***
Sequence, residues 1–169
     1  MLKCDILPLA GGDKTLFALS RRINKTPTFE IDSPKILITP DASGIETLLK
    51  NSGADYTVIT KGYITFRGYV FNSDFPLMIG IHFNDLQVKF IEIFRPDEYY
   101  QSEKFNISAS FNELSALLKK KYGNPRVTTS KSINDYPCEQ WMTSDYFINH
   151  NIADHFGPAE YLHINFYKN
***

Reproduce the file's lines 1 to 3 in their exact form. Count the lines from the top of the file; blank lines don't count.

Sequence, residues 1–169
     1  MLKCDILPLA GGDKTLFALS RRINKTPTFE IDSPKILITP DASGIETLLK
    51  NSGADYTVIT KGYITFRGYV FNSDFPLMIG IHFNDLQVKF IEIFRPDEYY